Wine Enthusiast Podcast: Diverse Styles of Russian River Pinot Noir

People drinking Russian River Pinot Noir / Illustration by Anne Bentley
Illustration by Anne Bentley

The Russian River Valley is home to sprawling vineyards, forests and—to some people’s surprise—a wide array of Pinot Noir. Virginie Boone, our Napa-Sonoma contributing editor, talked with Matt Coyne, the sommelier at Farmhouse Inn and Restaurant, about everything that makes the region unique while tasting some the region’s inimitable Russian River Pinot Noirs.

The Wine Enthusiast Podcast

Virginie Boone: Hello and welcome to the Wine Enthusiast podcast: your serving of wine trends and passionate people beyond the bottle. I’m Virginie Boone, the Napa-Sonoma editor here at Wine Enthusiast, and in this episode, I’ll talk with Matt Coyne, the sommelier at Farmhouse Inn and Restaurant in the Russian River Valley in California. We’ll talk about some of our favorite wines from the region, the neighborhood’s concept, and the diversity that sometimes people don’t understand about this great place for Pinot Noir.

I’m here with Matt Coyne, sommelier at Farmhouse Inn and Restaurant which is located literally in the middle of the Russian River Valley, surrounded, we’re here on site, surrounded by vineyards and forest and all the beauty that I associate with Russian River Valley. So, Matt, tell me a little bit about how you got into wine in the first place and then, you know, specifically how did you get here to this beautiful place, Farmhouse Inn?

Matt Coyne: Coming up here to the area is really what got me into the business, through proximity. You know, when people would come to visit especially, of course being in the middle of a wonderful wine region, I couldn’t keep everyone kind of cooped up in the house all day, so I take them out for wine tasting. And that’s what really kind of developed my passion for the industry. After that, I really loved, you know, what it meant to be a sommelier, and looked at other sommelier for a little guidance, and decided to kind of pursue that educational track. And since then, I’ve worked in wineries or restaurants, back and forth. Through some sommelier friends of mine, more or less, I became aware of this opportunity and of course jumped on it right away. And the Farmhouse is just a really kind of unique and special place here on the Russian River. When folks come into dinner I can point out vineyards across the street, or a stone’s throw away, that makes some really incredible wines.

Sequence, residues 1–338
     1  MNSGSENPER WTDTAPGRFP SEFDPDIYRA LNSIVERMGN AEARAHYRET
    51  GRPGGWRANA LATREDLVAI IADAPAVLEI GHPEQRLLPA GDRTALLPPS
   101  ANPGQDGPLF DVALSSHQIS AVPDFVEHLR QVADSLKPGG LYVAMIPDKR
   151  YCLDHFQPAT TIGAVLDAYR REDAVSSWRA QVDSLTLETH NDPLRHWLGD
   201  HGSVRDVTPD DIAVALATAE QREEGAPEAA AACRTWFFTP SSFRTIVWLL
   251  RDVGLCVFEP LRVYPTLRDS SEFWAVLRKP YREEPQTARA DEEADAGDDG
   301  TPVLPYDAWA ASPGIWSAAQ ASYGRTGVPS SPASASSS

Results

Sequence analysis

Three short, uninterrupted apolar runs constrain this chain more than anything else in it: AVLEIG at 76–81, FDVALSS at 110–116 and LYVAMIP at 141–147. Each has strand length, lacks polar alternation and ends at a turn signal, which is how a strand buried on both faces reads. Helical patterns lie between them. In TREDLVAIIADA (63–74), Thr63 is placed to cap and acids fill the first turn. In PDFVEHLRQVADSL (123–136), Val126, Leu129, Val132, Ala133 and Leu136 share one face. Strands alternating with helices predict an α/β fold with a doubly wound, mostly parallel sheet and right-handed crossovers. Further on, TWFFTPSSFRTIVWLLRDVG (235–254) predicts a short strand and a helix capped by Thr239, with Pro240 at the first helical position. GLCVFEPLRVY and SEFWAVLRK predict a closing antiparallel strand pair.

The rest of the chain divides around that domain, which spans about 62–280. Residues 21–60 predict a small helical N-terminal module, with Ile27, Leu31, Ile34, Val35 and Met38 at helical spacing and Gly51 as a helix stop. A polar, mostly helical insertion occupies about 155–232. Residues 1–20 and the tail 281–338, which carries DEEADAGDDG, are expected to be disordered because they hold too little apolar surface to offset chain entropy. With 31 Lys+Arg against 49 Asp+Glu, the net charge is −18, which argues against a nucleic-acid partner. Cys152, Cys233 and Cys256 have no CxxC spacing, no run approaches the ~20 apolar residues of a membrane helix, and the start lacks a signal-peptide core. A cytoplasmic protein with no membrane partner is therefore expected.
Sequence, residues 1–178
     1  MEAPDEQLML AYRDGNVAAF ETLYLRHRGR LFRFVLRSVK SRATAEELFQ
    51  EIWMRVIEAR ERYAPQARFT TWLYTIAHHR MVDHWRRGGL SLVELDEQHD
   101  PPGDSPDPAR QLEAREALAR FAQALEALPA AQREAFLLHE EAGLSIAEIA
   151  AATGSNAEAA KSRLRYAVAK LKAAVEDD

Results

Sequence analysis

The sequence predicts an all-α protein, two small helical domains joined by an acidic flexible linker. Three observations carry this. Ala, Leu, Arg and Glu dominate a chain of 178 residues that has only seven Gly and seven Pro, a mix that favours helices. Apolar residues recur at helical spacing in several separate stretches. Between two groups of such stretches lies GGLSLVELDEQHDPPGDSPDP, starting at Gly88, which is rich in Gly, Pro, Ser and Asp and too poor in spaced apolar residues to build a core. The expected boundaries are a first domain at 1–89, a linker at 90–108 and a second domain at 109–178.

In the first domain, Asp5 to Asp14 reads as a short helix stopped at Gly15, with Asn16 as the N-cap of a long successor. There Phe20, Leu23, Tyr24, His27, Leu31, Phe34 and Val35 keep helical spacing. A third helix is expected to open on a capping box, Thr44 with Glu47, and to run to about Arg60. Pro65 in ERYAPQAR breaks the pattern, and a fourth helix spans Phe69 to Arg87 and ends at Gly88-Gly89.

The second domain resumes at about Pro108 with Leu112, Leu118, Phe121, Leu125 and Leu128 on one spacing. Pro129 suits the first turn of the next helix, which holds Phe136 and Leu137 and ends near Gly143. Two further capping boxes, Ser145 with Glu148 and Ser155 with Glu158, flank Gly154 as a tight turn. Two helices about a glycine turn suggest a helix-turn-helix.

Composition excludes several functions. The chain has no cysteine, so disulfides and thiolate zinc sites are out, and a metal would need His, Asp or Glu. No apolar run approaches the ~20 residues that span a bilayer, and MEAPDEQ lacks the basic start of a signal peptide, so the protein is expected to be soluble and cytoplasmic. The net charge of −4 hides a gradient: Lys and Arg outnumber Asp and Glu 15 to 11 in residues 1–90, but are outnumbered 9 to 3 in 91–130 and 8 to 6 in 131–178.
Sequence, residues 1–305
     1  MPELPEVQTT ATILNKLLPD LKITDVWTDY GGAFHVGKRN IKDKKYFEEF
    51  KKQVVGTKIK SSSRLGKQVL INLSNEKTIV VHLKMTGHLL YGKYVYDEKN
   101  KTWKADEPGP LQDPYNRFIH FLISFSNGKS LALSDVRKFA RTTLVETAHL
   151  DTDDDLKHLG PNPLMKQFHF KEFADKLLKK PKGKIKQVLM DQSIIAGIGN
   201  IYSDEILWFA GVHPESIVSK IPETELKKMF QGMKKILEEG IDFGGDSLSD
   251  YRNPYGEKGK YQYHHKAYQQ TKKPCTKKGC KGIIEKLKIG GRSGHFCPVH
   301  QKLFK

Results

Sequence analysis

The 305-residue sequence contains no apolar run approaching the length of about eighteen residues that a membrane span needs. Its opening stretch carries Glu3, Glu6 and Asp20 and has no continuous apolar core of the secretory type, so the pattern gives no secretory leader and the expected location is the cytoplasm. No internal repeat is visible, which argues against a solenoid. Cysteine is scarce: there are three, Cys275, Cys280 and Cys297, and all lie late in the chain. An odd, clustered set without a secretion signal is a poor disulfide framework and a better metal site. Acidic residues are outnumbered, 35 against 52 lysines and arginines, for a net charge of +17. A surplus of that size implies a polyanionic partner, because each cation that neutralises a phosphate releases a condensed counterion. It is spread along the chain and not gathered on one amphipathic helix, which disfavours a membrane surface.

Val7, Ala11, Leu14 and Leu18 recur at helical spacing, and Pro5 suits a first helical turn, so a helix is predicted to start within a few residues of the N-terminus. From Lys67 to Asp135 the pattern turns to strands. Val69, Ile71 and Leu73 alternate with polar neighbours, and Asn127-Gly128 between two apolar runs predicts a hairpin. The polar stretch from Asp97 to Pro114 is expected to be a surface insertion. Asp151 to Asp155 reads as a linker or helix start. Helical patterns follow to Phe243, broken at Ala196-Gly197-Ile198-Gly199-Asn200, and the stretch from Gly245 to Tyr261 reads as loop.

VB: What would you say—I mean coming into this position and coming back up to this region—what was your sort of understanding of Russian River…let’s keep it Pinot Noir for now, but like grand scheme of the wine world? Like what was your understanding, what are some things that you have learned since that have impressed you or surprised you?

MC: Well when I first got into the wine business and started tasting Pinot Noirs from the Russian River Valley appellation specifically, they tended to lean on being a little bit more kind of rich and ripe on the palate, a little more full, you know. So, I think that’s maybe an initial kind of perception of the Russian River in a lot of ways. Although, I will say that one really fun part of me being a sommelier here is to get to discover the diversity on offer within the Russian River Valley. Specifically, you can break down into the different areas of the Russian River that tend to have certain stylistic threads on the palate. And then also, you know, another way of looking at things is to kind of pursue your favorite winemaker as the, you know, decision—of when to pick, how to treat the wines in the cellar—can make a real difference in leaning towards more of a bright style, more rich style, or whatever else.

But yeah, living and working out here, I’ve very much noticed the broad range of styles, you know, are discovered in more detail. If you go from the Sebastopol Hills you can have wines that are, you know, very bright and kind of focused, a little bit more tart, a little more tightly wound on the palate, which can in a way be reminiscence of certain Pinots further out to the Sonoma coast. Whereas I think that you know, just so that’s an important kind of thing I’ve noticed is the Sebastopol here Hills area particularly.

But then beyond that, the differences within the different neighborhoods further east, so you know for instance the Laguna Ridge area, you know, tends to have a little more of this kind of bright  fruit to it, whereas if you go further up West Side Road you start to get a little bit more richness on the palate as well. So, I think that, you know, just kind of learning about the different producer specifically their stores—getting to go out there and kick the dirt in the vineyard, and try a little wine from the barrel with the winemakers is really quite frankly priceless. And as a sommelier, I feel very lucky to happen to be here in the middle of Sonoma County where I can go see my neighbors and visit them and they happen to be world-class wine makers. It’s a real pleasure.

VB: Yeah. I do think there’s a lot of stylistic differences in wines and winemakers and certainly the neighborhood concept, which you mention, where they really are trying to differentiate just amongst themselves within the Russian River Valley. You know, you must have people that come in who are looking for rich ripe, kind of what their mentality might be of Russia River Pinot, and then I’m sure you have people come in that want something a little bit more refined, something a little bit more classically structured, maybe even age-worthy…

MC: Yeah absolutely. Well on the more kind of ripe and kind of rich or robustly kind of elegant style, Gary Farrell comes to mind, certainly; Donelan; Dutton Estate, their Deviate Pinot, I have a bottle under my bed. Never trust a skinny chef, right, kind of analogy? Yeah. Lynmar does a very nice job with some more again elegant, but just more robust wines on the palate. So those are a few to come that come to mind right away. Pont Neuf, actually a smaller producer, very nice as well. So those would be some kind of knee-jerk bottle recommendations on that side of things.